For our clients
- We are approachable, efficient, responsive and uncomplicated (we’re user-friendly)
- We are a safe pair of hands (no drama)
- We are never just one person; we bring our best team effort
- We ‘solve for the client’ even if it means taking the hard route
Our role models
- Basecamp – for their working practices
- Pivotal Labs – for their methodology
- elBulli – for their repeatable creativity
- McKinsey – for their applied expertise
Culture in practice
Of course, having a written culture isn’t very helpful if it doesn’t actually inform the way you work. In the six months since we adopted it, I’ve seen first several really powerful examples of its influence:
- It rippled through the creation of role descriptions and competencies and informed their creation. For example, culture is actually included as a category of competencies so that interns are expected to ‘understand Articulate’s culture’ while, say, senior writers should ‘act as culture role models for others’ and ‘initiate changes to company culture and processes when required.’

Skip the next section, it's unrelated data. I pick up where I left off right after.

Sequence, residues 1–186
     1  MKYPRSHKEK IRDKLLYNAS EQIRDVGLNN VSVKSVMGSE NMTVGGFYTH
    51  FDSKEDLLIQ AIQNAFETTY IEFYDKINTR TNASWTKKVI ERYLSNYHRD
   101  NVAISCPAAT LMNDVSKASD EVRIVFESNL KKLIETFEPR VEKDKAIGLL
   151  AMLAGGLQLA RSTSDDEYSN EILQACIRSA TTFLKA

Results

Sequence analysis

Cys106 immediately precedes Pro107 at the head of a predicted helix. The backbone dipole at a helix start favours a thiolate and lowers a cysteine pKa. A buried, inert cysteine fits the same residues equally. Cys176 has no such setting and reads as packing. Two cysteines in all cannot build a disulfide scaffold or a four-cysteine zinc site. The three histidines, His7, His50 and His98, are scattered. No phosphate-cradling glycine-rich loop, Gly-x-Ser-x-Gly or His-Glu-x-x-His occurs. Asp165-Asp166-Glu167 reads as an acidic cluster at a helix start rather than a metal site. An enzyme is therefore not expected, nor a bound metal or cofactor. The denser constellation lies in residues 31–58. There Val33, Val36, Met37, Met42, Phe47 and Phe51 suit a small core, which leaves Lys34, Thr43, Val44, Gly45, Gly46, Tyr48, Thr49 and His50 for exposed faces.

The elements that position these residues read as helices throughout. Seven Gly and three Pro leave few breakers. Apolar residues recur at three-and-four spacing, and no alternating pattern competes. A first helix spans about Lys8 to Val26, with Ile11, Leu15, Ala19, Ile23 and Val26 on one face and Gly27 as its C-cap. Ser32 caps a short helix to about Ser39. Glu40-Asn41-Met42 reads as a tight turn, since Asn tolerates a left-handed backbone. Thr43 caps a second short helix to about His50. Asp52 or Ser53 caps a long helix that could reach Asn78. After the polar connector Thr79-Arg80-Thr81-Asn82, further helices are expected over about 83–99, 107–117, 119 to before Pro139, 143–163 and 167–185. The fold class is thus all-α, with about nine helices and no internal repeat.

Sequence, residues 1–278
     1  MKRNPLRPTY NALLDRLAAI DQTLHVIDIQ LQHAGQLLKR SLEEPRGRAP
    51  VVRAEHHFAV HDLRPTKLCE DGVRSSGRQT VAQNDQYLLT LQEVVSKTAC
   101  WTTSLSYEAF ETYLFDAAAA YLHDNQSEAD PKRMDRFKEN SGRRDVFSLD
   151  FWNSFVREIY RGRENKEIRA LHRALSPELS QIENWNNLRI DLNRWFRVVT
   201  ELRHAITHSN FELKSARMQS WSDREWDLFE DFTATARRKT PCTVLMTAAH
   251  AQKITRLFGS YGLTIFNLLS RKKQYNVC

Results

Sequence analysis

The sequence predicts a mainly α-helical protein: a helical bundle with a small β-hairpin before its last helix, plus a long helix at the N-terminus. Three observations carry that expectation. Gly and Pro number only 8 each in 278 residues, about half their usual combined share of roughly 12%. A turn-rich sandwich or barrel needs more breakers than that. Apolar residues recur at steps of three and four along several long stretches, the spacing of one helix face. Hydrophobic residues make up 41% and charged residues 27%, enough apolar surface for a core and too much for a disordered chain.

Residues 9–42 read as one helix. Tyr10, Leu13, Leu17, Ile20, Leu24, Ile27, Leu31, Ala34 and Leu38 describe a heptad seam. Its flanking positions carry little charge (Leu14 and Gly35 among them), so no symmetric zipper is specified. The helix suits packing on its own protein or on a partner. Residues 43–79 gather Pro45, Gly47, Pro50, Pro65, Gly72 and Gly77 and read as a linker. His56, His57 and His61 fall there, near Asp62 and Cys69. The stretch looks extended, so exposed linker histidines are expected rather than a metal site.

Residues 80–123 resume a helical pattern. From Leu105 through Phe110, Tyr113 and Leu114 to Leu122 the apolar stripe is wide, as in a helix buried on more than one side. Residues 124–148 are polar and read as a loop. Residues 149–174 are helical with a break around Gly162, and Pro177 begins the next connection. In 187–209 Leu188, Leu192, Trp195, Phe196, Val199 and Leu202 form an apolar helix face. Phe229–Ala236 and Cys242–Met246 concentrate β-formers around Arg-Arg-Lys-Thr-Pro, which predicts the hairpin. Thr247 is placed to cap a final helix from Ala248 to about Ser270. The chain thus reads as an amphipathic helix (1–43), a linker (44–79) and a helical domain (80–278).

- When Clare started work on refactoring our blog studio in November, she started the discussions by reciting some of our principles and used them to hold our blogging to account. ‘We don’t just ‘bang out copy’ – we articulate ideas and stories.’ Exactly. No polyfilla.
- I’ve found it very helpful, along with the competencies and role descriptions, in making appraisals and staff development discussions more productive. It gives me a way of talking about attitude, behaviour and interactions that is not based on my gut reaction or personal feelings but on what being a good Articulate employee is like.
Sharing and developing the culture
A culture has to be a living, evolving thing. It’s not set in stone forever. But first it must be shared with new employees. To do this we have a couple of training projects on Basecamp. For example, this one for interns. Of course, the written formal part is only an element of the training – there’s a lot of mentoring and modelling by colleagues too.
For me, putting the culture in place was a milestone for the business. It’s the foundation for our staff policies, the core content on our new intranet and it underpins our competencies, role descriptions and training processes. To quote Matthew Collings talking about art and civilisation, it’s our imaginative proposal of who we could be if we were as good as we want to be. ‘It’s the way we ask questions about ourselves.’ What does your culture say about your business?
2019 update: We've recently worked on our culture even more, and we've got lots of secrets to share. Check out this blog on how to create a happy company.
See also: happy company